Travis spent four hours a day in rehab for two-and-a-half years. He can now walk, shower unassisted and get himself dressed. At one point in the rehab, his wife says, Travis stopped wanting to go. And if she did get him there, he just shut down. They started venturing out into the community, having dinner with friends, going to concerts and making grocery store runs.
She said hope and her faith in God are what kept her pushing forward. For Travis, she thinks it was his music, which she said played constantly in his hospital room.
Travis remembers all of his song lyrics and can use his left hand to run the chords on his guitar neck. He’s still regaining use of his right arm and leg. He says it feels “good” to sing again.
Asked where he wants to be in his recovery five years from now, Travis smiled and shrugged his shoulders.
“I think our goal for five years is to remain hopeful and keep our heads up high and not throw in the towel and be happy with wherever God has us,” Mary Travis said. “If it’s back up on that stage singing, hallelujah.”
Reach Cindy Watts at email@example.com or 615-664-2227 and on Twitter @CindyNWatts.
When he had a massive stroke more than three years ago, Randy Travis' wife, Mary, defied doctor’s advice and fought to keep her husband alive. Although his speech is halting, the singer can now walk, shower unassisted and get himself dressed. (Photo: Larry McCormack / The Tennessean)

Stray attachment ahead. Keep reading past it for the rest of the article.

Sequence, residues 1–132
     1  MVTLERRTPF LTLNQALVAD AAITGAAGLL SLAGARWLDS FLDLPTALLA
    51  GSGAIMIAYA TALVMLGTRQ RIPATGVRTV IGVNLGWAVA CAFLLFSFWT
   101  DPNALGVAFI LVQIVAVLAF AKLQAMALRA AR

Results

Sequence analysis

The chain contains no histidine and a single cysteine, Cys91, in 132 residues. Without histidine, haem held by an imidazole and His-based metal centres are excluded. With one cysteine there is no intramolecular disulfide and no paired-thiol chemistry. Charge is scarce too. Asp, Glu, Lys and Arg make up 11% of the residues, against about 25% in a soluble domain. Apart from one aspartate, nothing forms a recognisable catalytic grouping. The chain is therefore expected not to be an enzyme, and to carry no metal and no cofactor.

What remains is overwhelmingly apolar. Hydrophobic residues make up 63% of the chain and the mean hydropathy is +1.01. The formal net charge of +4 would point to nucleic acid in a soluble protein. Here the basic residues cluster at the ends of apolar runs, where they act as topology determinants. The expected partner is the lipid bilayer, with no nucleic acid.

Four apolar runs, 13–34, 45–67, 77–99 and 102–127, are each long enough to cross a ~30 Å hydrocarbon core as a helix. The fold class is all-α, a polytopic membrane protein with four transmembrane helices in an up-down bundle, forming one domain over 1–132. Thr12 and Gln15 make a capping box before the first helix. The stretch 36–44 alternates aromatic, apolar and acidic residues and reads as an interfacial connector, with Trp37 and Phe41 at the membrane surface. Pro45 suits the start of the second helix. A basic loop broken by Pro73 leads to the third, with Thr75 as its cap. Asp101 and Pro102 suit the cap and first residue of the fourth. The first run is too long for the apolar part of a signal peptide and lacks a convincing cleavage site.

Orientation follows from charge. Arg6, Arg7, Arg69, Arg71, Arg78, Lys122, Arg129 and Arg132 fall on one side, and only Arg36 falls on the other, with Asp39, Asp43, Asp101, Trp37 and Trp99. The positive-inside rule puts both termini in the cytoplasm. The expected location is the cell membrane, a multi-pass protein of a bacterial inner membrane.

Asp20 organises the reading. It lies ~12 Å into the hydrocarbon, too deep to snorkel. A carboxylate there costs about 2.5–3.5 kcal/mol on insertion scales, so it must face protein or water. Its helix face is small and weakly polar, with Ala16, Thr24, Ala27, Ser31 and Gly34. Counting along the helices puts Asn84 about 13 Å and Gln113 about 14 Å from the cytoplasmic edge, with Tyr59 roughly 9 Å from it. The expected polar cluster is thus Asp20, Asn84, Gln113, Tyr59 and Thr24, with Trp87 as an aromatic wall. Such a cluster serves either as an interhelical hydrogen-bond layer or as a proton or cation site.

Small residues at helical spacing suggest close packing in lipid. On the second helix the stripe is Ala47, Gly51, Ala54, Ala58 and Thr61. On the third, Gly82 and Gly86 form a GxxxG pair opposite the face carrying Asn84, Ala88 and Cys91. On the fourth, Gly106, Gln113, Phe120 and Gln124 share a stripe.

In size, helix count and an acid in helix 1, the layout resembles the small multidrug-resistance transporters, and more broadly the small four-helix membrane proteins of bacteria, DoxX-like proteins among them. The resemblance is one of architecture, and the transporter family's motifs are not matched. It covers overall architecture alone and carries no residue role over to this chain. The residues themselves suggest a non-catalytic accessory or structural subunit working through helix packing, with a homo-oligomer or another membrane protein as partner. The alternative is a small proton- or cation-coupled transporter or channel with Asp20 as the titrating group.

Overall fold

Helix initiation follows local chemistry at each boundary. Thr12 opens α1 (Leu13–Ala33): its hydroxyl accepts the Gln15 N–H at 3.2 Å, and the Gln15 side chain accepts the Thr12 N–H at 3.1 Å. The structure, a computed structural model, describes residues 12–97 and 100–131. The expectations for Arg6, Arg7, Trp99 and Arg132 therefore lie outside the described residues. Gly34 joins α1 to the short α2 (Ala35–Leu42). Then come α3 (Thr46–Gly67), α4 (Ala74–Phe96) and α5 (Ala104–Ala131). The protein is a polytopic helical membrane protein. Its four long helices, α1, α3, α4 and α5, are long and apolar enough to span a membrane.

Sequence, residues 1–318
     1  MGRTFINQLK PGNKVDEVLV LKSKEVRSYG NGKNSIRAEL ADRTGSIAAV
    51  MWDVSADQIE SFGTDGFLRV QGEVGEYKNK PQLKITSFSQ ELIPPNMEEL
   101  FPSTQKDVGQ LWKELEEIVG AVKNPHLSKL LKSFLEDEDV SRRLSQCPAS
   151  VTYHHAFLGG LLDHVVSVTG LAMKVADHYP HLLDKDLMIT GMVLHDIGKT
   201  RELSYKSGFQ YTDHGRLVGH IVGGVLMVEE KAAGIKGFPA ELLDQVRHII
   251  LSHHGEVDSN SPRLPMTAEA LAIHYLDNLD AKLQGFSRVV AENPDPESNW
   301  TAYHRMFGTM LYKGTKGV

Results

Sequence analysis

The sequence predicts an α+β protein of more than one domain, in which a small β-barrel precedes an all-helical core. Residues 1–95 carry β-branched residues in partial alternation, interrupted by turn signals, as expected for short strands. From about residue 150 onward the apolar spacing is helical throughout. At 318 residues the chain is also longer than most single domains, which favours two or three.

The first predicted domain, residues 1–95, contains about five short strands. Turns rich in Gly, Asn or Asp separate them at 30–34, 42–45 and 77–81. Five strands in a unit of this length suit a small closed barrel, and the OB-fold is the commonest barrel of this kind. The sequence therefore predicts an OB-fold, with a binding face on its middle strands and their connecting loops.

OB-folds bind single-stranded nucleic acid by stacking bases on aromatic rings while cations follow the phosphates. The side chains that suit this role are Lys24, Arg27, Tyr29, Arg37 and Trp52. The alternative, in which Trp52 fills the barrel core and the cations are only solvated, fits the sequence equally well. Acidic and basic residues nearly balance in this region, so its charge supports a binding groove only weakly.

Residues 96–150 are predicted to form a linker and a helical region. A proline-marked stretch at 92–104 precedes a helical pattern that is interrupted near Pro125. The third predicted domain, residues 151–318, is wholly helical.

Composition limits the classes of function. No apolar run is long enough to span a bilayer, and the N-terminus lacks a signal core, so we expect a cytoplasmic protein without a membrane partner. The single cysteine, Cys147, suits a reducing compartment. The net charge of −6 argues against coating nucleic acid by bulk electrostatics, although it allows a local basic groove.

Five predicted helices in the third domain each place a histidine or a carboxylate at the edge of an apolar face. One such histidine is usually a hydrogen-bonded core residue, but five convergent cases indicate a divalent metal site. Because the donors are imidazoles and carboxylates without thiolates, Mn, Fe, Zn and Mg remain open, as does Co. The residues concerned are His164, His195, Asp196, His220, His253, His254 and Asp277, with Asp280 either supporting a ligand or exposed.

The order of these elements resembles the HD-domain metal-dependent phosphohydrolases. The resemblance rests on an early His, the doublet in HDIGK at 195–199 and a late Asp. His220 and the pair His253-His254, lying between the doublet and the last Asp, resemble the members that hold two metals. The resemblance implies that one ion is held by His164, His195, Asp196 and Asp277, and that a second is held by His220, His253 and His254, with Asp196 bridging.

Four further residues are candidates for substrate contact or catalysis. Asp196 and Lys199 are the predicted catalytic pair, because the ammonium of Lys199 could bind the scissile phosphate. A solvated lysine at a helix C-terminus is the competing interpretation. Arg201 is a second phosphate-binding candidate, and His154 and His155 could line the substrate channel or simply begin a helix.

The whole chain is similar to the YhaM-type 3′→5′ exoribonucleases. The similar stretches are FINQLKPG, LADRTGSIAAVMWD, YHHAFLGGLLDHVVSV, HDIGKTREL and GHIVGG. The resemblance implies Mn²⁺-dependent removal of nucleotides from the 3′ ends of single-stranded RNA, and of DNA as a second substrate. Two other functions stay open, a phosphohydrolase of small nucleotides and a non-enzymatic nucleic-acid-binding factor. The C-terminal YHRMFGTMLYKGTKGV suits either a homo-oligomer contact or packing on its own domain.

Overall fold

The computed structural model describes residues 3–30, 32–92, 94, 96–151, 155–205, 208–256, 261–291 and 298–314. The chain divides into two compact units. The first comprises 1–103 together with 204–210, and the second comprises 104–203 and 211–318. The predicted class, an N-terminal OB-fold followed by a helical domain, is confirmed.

If you go
What: 1 Night. 1 Place. 1 Time: A Heroes and Friends Tribute to Randy Travis featuring Garth Brooks, Chris Young, Jamey Johnson, Scotty McCreery, Josh Turner and more than 20 additional country singers.
When: 7 p.m. Wednesday
Where: Bridgestone Arena, 501 Broadway in Nashville
Tickets: $25 to $80 through Ticketmaster, 1-800-745-3000 or www.ticketmaster.com
Proceeds from the evening go to benefit the Randy Travis Foundation, a 501(c)3 nonprofit that raises money for stroke research and rehabilitation.